ISKCON Temples

ISKCON London Temple | London Radha Krishna Temple

Bhaktivedanta Manor Arati & Darshan Timings:

4.30 pm – 4.55 am – Mangal Arati
4.55 am – 5.15 am – Tulasi-arati
7.00 am – 7.05 am – Deity Greeting
7.10 am – Guru-Puja
7.30 am – Srimad-Bhagavatam Class
12.30 pm – 12.55 pm – Raj Bhoga Arati
4.20 pm – 4.30 pm – Dhupa Arati
6.00 pm – 7.00 pm – Bhagavad-Gita Class
7.00 pm -7.25 pm – Sandya Arati
9.00 pm – 9.10 pm – Shayan Arati
9.30 pm – Temple closes

Bhaktivedanta Manor London

Festivals London ISKCON:

Gaura Purnima
Diwali – Annakuta – Govardhan Puja
Dusshera
janmashtami
Kartik-The Sale of the Year
Ramanavami
Ratha-Yatra

About The Manor:

In 1973, when George Harrison donated the building and Manor properties, Hertsmere Town Council allowed Bhaktivedanta Manor to function as a theological university. At that time, Srila Prabhupada established a Vaishnava University, with a sanctuary accessible to the public.

After initial complaints from some local residents about the increase in traffic, the Hertsmere Council decided to suppress public worship. In 1981, he tried to stop the faithful and pilgrims by banning all festivals. Later, however, a compromise was reached to limit major festivals to six days a year.

In 1985, fourteen new complaints were sent to Hertsmere. These coincided with two devotees who bought local properties. Hertsmere took further action, but did not get an injunction from the Supreme Court to reduce Sunday’s presence. Hertsmere then issued a notice of execution to completely close the temple to the public. The temple has appealed to the Ministry of the Environment. At that time, the temple also considered the construction of a new driveway, an access road that would take traffic around the village, but the plan to buy land to build an access road failed.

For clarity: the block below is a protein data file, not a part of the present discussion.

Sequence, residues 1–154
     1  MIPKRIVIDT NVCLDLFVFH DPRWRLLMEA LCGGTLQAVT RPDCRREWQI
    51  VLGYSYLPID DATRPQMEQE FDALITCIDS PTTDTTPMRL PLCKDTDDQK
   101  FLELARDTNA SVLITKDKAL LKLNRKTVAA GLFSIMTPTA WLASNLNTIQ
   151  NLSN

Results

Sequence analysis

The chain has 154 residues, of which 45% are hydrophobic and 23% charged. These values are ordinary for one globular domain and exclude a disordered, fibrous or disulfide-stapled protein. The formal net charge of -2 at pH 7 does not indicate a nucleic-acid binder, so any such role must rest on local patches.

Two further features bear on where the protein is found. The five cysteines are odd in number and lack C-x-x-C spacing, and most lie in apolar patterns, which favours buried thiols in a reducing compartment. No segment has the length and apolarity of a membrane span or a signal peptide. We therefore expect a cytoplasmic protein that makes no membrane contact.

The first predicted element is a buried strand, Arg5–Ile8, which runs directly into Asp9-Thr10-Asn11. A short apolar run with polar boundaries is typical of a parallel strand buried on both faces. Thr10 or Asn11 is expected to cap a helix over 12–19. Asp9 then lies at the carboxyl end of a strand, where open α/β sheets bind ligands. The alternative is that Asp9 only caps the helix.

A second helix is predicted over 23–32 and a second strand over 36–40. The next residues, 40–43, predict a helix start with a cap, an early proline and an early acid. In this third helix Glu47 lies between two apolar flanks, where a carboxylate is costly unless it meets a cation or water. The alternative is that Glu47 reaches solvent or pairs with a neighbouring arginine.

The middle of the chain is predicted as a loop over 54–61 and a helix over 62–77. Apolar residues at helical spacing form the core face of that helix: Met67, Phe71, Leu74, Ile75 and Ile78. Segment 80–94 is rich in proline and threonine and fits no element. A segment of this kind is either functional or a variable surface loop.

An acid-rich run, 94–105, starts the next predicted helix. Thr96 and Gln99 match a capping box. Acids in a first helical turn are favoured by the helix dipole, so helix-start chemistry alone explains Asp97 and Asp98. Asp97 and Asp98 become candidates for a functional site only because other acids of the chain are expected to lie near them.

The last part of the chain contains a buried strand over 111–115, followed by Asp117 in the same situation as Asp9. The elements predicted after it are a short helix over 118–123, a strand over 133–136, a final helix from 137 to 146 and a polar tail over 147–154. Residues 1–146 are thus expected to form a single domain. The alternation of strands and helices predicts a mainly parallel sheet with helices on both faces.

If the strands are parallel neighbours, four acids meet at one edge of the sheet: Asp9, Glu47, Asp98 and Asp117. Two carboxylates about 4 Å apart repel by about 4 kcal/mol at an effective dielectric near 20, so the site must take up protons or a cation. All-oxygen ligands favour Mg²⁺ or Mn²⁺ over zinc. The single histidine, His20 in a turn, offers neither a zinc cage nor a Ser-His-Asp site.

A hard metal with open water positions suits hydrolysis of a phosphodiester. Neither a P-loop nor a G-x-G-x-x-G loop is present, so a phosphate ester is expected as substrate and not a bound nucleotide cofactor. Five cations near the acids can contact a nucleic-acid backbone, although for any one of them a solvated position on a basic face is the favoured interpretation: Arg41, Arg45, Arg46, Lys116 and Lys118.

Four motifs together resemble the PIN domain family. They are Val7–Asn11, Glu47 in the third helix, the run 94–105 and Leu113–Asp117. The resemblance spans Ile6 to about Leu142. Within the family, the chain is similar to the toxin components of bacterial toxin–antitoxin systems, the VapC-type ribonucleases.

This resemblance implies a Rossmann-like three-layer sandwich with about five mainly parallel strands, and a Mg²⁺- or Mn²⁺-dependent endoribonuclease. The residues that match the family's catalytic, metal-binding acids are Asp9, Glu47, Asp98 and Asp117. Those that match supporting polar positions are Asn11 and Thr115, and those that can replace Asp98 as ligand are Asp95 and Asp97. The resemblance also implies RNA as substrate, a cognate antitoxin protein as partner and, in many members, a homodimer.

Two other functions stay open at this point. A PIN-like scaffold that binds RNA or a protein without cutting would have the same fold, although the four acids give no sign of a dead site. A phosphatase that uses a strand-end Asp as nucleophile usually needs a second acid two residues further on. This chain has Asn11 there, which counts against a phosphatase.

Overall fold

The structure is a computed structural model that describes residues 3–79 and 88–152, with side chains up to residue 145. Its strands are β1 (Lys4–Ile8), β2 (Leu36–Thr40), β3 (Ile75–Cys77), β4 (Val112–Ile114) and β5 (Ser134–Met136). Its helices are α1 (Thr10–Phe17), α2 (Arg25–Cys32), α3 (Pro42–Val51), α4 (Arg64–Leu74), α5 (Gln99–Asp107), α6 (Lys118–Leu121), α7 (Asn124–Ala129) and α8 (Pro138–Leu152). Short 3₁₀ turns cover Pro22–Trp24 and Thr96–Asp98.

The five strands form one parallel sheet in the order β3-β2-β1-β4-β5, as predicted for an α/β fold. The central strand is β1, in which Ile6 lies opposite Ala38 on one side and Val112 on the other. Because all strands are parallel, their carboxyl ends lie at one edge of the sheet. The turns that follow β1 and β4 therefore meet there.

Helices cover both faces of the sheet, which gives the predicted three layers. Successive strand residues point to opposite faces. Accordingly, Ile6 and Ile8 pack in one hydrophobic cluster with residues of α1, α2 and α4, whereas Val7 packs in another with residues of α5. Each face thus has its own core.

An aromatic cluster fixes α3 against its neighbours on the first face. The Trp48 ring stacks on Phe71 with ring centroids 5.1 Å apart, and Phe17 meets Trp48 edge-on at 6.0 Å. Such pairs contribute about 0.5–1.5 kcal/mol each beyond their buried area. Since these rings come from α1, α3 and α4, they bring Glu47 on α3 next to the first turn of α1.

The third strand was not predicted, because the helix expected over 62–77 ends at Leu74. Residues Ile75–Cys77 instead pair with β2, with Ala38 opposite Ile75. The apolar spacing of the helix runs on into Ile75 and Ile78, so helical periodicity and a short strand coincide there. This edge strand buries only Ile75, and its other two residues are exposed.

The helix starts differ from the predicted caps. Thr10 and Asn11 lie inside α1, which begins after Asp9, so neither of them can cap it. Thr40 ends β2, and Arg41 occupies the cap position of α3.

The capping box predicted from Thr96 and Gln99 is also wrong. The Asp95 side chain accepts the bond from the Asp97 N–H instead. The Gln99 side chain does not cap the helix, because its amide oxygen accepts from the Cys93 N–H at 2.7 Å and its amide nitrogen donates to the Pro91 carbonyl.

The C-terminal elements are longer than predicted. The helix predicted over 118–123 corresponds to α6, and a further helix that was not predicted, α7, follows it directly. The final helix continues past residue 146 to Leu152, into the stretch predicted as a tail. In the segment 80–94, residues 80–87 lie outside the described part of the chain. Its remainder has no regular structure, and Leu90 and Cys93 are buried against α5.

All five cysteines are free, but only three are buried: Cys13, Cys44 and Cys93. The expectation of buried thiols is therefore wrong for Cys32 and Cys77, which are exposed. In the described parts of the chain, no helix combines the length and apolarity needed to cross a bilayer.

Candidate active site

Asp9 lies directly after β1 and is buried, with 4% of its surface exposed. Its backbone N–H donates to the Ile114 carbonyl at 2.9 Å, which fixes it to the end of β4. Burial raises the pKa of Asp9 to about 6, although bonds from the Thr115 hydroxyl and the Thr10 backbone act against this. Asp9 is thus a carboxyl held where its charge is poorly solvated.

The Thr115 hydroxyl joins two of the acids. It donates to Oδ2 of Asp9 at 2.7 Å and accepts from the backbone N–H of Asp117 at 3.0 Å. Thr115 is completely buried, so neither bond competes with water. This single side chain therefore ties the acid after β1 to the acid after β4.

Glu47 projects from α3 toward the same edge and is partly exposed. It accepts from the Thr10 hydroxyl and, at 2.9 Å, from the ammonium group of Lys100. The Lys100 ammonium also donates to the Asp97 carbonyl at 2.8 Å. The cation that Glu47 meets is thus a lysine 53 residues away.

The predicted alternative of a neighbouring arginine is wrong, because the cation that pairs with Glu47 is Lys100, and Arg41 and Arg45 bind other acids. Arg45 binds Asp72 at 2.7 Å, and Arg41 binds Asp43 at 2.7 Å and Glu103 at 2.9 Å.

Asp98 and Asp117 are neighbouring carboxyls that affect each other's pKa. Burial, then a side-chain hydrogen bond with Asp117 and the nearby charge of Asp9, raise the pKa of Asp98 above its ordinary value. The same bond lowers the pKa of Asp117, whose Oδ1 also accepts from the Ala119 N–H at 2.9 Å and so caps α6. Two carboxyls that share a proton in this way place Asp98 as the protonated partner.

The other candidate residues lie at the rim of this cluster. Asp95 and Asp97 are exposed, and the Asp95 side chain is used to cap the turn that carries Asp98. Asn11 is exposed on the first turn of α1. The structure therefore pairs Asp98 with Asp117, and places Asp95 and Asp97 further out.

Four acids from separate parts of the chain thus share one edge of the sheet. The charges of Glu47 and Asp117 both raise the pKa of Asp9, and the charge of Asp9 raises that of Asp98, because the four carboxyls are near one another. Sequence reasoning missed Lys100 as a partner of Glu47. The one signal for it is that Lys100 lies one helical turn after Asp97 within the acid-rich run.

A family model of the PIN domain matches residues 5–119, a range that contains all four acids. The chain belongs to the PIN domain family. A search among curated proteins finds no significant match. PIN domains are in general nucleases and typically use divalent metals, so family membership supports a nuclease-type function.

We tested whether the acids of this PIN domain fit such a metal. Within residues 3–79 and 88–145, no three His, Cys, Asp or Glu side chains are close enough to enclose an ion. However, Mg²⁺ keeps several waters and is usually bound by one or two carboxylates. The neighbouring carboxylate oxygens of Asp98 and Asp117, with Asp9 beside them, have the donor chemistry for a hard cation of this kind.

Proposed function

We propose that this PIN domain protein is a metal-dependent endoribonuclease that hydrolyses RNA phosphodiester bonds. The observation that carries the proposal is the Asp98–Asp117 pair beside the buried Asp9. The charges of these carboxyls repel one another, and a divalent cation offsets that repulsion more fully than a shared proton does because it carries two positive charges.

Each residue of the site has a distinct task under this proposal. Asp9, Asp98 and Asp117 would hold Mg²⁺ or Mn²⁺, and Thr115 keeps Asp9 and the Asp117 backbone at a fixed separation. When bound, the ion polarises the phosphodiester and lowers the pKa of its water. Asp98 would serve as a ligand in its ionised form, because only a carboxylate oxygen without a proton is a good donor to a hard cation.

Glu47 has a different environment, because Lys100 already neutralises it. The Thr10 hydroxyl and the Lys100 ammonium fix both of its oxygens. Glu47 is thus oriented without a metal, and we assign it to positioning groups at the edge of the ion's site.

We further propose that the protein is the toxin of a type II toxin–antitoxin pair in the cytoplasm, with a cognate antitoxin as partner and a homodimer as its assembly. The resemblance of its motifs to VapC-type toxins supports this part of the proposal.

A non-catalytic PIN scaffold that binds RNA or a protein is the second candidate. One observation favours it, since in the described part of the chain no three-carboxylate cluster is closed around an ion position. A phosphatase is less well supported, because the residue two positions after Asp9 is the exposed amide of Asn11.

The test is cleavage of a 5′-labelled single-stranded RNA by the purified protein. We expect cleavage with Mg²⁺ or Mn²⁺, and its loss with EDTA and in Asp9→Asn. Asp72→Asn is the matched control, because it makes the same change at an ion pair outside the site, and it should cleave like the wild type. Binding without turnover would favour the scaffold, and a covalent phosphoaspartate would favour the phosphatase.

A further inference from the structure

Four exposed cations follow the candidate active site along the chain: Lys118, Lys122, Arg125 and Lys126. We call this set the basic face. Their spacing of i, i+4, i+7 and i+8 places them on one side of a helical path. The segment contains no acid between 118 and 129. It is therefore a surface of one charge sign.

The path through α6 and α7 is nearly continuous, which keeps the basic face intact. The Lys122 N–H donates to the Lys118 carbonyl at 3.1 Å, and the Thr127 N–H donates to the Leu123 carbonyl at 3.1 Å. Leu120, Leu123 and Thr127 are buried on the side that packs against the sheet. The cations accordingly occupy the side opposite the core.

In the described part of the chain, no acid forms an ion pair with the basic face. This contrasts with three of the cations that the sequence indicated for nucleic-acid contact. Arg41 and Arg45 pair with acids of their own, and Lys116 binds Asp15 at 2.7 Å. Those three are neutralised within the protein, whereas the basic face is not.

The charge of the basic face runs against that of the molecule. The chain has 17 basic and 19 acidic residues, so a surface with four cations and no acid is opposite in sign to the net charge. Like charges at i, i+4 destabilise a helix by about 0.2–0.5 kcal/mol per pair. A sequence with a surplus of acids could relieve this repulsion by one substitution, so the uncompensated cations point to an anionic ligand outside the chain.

London Radha Krishna Temple

The community of Bhaktivedanta Manor community, mainly Hindu, sent letters and petitions to the British government and organized numerous protest events. In 1989, 7,000 people participated in a sponsored march. Each step was a prayer: “Please, keep our temple open for worship.” The community raised £ 100,000 to pay the legal fees. But in 1990, the appeal was rejected. The Secretary of State announced: “There is no new temple. Stop your worship. Stop your festivals. ‘

The temple appealed to the High Court, the Court of Appeal and the European Court. Everyone said ‘No’. All legal channels have been exhausted. Therefore, the date was set: on March 16, 1994, the temple was close to the public.

Then, a few months before the deadline, negotiations for the land reopened. With the slogan “Get the land – Build the way – Save the temple”, the temple went into action, and 250 people helped raise funds to buy land for the new driveway. The request has been presented to the Council.

On March 16, he was only in a few months, and the Council delayed the examination of the application. Many national and international devotees and supporters have expressed their concerns to the government. One hundred members joined the list of supporters. The British government began to realize that it was not a small problem.